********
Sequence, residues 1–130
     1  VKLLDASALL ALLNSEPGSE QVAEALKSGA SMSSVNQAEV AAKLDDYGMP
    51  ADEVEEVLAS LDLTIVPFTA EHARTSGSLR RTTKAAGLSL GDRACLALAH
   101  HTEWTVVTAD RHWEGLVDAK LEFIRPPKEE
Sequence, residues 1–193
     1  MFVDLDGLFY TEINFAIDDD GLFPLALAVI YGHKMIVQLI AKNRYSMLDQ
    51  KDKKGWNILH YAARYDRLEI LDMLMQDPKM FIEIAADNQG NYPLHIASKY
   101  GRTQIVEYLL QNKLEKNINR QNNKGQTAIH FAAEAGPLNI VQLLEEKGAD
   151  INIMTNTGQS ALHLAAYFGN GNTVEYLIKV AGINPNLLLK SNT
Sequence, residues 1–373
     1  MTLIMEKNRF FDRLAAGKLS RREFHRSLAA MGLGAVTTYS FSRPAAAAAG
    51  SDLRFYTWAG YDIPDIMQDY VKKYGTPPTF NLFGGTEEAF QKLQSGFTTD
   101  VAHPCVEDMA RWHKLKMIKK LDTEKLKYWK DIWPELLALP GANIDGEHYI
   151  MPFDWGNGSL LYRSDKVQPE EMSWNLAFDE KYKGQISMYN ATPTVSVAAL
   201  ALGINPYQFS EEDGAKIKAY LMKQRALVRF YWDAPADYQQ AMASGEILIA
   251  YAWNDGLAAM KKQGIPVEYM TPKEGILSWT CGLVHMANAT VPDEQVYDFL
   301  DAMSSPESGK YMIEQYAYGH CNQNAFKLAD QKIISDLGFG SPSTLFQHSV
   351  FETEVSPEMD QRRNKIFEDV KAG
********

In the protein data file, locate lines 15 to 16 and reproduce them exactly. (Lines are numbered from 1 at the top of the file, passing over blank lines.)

   201  ALGINPYQFS EEDGAKIKAY LMKQRALVRF YWDAPADYQQ AMASGEILIA
   251  YAWNDGLAAM KKQGIPVEYM TPKEGILSWT CGLVHMANAT VPDEQVYDFL